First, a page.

Health minister says overdose issue requires treatment without judgment - InfoNews

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Health minister says overdose issue requires treatment without judgment

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June 13, 2017 - 6:00 AM

VANCOUVER - Federal Health Minister Jane Philpott says more people are expected to die of illicit opioid overdoses in Canada this year compared with nearly 2,500 fatalities recorded in 2016.

"It is going to get worse before it gets better," Philpott told the National Health Leadership Conference on Monday, calling British Columbia "ground zero" because the crisis claimed 935 lives in the province last year.

The complex problem of substance use is rooted in social issues such as poverty, homelessness and unresolved trauma so combating the epidemic will require a patient-centred approach, Philpott said.

The Public Health Agency of Canada released figures last week saying at least 2,458 people died of opioid-related overdoses in 2016, though Philpott said the information is incomplete.

She told health-care managers that patients need to be treated without judgment and discrimination and their health records must follow them wherever they get care, regardless of whether they have a fixed address.

That would be possible through technological innovation, the minister said.

Philpott said the full power of geocoding technology must also be harnessed to determine where overdoses happen so the information can be used for prevention, treatment and harm reduction.

The opioid fentanyl has been increasingly used over the last five years to contaminate illicit drugs, resulting in fatal overdoses, Philpott noted.

"The challenge, as you know, has been exacerbated by over-prescribing, which has been, we must admit, driven in part by deceptive marketing practices," she said of drug companies that falsely claimed some painkillers were not addictive.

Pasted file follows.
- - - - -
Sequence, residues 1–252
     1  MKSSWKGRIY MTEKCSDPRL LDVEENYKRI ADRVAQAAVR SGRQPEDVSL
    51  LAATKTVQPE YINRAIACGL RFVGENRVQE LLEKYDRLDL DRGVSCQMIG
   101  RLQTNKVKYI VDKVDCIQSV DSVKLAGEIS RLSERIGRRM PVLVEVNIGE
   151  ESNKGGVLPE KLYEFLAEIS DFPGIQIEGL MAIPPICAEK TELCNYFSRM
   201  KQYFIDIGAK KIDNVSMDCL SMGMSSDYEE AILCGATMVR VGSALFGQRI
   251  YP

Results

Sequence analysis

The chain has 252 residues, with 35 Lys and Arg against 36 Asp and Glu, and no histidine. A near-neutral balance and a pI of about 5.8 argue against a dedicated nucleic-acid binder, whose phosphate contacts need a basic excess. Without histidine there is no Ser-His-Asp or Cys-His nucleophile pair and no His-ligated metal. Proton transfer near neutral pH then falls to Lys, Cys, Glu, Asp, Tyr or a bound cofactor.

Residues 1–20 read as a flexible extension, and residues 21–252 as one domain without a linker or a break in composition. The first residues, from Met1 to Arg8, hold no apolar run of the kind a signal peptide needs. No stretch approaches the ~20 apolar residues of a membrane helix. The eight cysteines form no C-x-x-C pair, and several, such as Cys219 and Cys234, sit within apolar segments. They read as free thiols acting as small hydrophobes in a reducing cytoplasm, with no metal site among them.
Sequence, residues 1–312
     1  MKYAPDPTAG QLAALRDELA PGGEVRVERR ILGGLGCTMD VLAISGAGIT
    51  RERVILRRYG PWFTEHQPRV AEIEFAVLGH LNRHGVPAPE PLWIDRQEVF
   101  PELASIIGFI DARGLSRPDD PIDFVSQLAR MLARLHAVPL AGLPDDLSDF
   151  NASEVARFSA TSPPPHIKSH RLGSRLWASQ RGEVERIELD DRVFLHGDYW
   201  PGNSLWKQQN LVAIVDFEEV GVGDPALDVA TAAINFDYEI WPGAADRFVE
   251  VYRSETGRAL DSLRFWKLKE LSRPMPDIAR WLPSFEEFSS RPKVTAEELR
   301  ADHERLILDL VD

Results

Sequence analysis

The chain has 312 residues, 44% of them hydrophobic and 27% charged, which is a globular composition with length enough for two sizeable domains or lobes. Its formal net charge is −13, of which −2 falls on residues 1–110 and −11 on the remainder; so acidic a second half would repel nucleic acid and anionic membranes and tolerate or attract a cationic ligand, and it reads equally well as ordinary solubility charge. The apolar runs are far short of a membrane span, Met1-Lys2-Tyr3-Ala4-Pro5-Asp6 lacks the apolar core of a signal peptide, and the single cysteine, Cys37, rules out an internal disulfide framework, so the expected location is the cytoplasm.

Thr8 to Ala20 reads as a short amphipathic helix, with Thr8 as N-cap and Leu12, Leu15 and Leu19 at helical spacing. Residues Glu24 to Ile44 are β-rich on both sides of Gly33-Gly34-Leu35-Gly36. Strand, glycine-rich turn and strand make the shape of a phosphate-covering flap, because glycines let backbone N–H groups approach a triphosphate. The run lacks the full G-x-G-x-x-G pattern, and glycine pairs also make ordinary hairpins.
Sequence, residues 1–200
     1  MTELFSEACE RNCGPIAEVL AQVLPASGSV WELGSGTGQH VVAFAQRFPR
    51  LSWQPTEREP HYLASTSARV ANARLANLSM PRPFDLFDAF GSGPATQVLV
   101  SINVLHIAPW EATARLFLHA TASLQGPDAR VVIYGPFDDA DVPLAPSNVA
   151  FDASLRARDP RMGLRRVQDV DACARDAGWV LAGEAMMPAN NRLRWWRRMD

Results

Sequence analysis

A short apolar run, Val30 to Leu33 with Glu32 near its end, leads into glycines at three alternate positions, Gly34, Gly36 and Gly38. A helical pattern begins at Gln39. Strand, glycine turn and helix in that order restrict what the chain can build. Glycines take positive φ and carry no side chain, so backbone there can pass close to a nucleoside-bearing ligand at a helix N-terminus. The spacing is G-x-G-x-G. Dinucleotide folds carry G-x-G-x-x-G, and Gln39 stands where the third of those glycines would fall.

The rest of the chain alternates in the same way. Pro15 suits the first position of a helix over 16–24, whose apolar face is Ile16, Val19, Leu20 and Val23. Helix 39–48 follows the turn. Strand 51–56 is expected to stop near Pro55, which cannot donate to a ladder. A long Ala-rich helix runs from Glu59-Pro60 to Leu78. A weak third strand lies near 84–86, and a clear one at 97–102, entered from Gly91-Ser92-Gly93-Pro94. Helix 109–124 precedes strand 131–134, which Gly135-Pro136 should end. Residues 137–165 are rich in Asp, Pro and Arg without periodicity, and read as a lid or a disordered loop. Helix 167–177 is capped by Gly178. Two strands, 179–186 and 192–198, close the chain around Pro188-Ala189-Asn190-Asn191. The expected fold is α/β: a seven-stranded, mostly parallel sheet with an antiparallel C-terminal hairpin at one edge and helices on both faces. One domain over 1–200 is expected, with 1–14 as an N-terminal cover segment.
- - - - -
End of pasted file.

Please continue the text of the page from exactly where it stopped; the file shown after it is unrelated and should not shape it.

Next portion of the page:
Philpott said it was shocking that the federal government could not release national numbers on fatal overdoses until last week.

The minister has expressed frustration with provinces for not providing overdose-death data so the federal government could get a national picture of the opioid crisis.

"Death records are still on paper files so there are technological challenges in terms of gathering the data," she said, adding figures will be released quarterly.

The federal government has approved 12 supervised consumption sites in Canada for users to inject their own drugs under medical supervision. They're located in Vancouver, Surrey, B.C., Montreal and Toronto.

Health Canada is considering a dozen more applications — four in British Columbia, four in Edmonton, one in Calgary and three in Ottawa.

"The federal government cannot solve this alone," Philpott said. "This is a whole-of-society response."

She said provincial governments must ensure they expand access to medication-assisted addiction treatment and mental-health issues.

"It includes every Canadian looking at this problem for the health problem that it is (and) addressing stigma and discrimination that is associated with substance dependence."

B.C. New Democrat Leader John Horgan met Monday with families affected by the opioid epidemic in the province and reaffirmed his commitment to a stand-alone mental health and addictions ministry.

"Fentanyl has already taken too many lives and destroyed too many families," said Horgan, who forged an agreement with the Green Party to lead the government following last month's election should the minority Liberals fall in an expected confidence vote.

News from © The Canadian Press, 2017
The Canadian Press

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